Best all-purpose cleaners on the market

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There’s no time like the present to clean your house! But when you’re ready to get spick-and-span, what are the best all-purpose cleaners to use?

Consumer Reports has a new tally that covers many popular spray cleaners and also a few liquid one as well. The real lesson from their findings is you get what you pay for, with limited exceptions!

But one caveat before we get into the list: You can make your own highly effective, non-toxic cleaning products using safe, natural ingredients that you probably already have in your cupboard. Baking soda, fresh lemon, pure soap flakes, salt, soap nuts, washing soda and white vinegar all have cleansing and scouring properties. See below for more details.

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Here are the best store-bought cleaning solutions

Consumer Reports only tested three liquid cleaners: Pine-Sol Original, Ecover All Purpose Cleaner and Fabuloso Multi-Purpose Cleaner.

Among them, Pine-Sol was the clear winner, scoring 74 out of 100 point with high marks from removing soap scum, lack of streaking and cleaning heavily soiled surfaces. It got the magazine’s vaunted ‘best buy’ checkmark, but watch out for that price tag of $6.80! Fabuloso, by contrast, got horrendous marks on soap scum, streaking and soiled surfaces, but at $2.10 it only costs a third of what Pine-Sol does.

Looking at spray cleaners, Seventh Generation Natural All Purpose Cleaner scored the highest of any spray on the tally — 57 out of 100. At $3.99, this product is mid-priced.

True bargain seekers might try other sprays like Target’s Up & Up All-Purpose Cleaner with Bleach with a middling score of 50 and a price tag of $1.89. Or perhaps Walmart’s Great Value All-Purpose Cleaner with Bleach for $1.88 and a score of 47.

One total oddball outlier in the tally was Whip-It Earth Friendly Miracle Cleaner Multi-Purpose. At a whopping $19.99, this product is sometimes sold by in-store product demonstration at big-box stores. But beware, it only scored a measly 38 and got poor marks on both soap scum removal and cleaning heavily soiled surfaces. That’s a true case of *not* getting what you pay for!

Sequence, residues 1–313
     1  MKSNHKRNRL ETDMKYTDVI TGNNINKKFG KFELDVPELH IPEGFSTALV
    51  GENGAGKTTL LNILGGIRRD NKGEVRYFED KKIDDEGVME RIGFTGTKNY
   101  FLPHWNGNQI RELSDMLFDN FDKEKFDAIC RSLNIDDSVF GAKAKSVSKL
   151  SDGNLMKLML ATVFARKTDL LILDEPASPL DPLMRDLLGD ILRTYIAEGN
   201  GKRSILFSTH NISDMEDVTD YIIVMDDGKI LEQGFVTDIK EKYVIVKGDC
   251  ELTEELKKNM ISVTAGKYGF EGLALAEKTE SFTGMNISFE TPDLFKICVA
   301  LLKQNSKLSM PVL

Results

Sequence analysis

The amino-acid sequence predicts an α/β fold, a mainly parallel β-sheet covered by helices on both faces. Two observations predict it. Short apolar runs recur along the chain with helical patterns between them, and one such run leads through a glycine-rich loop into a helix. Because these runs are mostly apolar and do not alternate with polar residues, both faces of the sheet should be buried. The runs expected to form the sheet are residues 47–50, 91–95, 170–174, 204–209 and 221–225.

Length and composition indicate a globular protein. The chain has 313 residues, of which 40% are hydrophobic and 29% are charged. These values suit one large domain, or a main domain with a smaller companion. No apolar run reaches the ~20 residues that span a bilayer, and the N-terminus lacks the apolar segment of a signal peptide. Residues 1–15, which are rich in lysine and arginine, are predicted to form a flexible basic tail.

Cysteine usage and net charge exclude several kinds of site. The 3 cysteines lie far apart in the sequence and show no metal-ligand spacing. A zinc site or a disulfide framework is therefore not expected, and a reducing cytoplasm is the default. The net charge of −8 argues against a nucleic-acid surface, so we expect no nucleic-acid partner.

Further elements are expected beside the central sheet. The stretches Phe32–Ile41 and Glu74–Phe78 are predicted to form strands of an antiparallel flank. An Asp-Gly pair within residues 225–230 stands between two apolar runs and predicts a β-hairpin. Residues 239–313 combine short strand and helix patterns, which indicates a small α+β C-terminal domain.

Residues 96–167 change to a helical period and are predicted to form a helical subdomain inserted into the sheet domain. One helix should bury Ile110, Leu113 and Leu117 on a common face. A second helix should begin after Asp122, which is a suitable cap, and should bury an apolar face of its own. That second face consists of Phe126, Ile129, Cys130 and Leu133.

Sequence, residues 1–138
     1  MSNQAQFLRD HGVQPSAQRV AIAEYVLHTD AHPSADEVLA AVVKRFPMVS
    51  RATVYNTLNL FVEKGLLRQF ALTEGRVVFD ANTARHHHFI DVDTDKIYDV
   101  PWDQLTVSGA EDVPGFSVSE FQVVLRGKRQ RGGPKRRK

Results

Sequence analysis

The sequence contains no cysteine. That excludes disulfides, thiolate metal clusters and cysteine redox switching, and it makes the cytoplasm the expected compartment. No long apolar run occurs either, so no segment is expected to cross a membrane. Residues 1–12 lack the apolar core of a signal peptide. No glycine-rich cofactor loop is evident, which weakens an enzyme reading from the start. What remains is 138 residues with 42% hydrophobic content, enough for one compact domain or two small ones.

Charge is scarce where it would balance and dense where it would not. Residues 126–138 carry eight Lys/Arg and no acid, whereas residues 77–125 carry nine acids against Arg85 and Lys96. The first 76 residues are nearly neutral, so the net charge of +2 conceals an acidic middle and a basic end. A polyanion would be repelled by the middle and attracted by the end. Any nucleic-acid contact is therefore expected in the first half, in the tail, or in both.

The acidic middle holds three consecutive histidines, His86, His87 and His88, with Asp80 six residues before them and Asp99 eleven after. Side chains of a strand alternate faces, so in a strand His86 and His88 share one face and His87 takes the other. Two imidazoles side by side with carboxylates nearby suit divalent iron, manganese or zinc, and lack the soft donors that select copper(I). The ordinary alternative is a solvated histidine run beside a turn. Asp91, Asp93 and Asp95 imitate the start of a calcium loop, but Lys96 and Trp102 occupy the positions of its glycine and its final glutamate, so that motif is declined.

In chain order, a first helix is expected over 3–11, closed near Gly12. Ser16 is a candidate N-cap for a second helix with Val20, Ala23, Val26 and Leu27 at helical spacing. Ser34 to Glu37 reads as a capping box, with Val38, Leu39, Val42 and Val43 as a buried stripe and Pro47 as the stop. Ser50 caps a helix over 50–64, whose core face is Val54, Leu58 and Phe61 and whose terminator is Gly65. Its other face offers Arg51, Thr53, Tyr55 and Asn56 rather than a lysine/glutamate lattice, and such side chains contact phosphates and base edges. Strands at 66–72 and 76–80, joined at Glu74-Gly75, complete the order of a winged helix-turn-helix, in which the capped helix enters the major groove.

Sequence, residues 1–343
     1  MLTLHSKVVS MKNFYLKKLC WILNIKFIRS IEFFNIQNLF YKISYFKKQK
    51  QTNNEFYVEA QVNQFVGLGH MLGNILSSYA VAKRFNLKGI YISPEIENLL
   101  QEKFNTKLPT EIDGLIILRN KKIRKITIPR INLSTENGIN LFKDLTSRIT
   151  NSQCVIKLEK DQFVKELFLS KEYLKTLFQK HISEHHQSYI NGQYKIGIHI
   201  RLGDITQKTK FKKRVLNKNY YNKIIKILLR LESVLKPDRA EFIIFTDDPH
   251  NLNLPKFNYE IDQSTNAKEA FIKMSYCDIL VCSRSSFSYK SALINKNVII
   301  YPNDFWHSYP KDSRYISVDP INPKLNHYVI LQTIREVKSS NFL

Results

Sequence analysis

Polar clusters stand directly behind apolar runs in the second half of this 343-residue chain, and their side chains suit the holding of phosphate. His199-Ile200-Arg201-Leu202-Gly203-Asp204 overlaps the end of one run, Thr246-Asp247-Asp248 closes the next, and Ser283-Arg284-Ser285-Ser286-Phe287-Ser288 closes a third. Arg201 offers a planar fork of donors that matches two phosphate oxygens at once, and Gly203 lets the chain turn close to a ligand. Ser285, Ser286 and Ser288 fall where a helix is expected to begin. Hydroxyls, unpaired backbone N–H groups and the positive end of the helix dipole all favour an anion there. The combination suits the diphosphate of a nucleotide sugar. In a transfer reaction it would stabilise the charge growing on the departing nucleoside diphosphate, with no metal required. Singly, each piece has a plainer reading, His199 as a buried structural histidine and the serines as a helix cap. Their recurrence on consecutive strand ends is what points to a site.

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Baking soda is a very common baking ingredient and is a naturally occurring mineral (sodium bicarbonate) containing many cleaning properties. When it reacts with fatty acids, it forms a mild detergent that can cut through grease. It is great for doing your laundry because it removes stains, softens water, and serves as a whitening agent.

Lemon juice contains citric acid. Citric acid is good for removing odors and stains as well as brightening whites. It can also be used to clean glass, impede mold growth, and it’s great at disinfecting toilets. It cleans bath edges and showers plus grouting on tiles. When used at full strength, lemon will remove stubborn grime at the base of taps.

Pure soaps refer to crystal-like flakes of pure soap concentrate. A natural and biodegradable washing agent, pure soaps are made from 100% vegetable oils and purified water. Using pure soap flakes and hot water with a little soda will perform almost all cleaning jobs in your home.

Salt is probably the oldest disinfectant known to humanity. A natural, gentle abrasive, salt can be very useful for clearing drains and cleaning stained kitchen utensils. Add it to baking soda and it cuts through tough grease. It can also remove burn marks from the edges of dishes as well as stains from chinaware. Salt and cold water will whiten a discolored breadboard but only if you use it as a scrub daily.

Soap nut is the fruit of the Ritha tree is a tree found primarily in India and Nepal. It is a wholly natural and completely renewable and biodegradable laundry detergent alternative. The shell of the fruit contains saponin, which is a natural surfactant. If you put 6 to 8 half-shells of the soap nut into a cotton bag and place in your washing machine, you should have enough for 4 to 6 washes. When the shells become darker and softer, it is time to toss them into the compost heap. You can also grind soap nuts and make a fine natural washing powder out of it.

Sodium carbonate is a natural product also known as washing soda. It is one of the oldest cleaning products. With a stronger base than baking soda, washing soda can get rid of strong stains such as grease, petrol, or oil stains on a garage floor. It can also be used as an extremely effective heavy duty cleaner for hard floors, painted walls, and kitchen surfaces. Although washing soda does not produce fumes in direct air, it is recommended to wear gloves and masks while using it as a cleaning agent.

White vinegar is a very versatile cleaning agent. It contains acetic acid that will dissolve calcium build-up in dishwashers, coffee pots, kettles, sinks, shower screens, and windows. It cuts through grease and soap scum and helps to carry away foul odors as it evaporates. This makes it an ideal cleaner and disinfectant for the bathroom and toilet.

Read more: Recipe: Homemade laundry detergent will save you money

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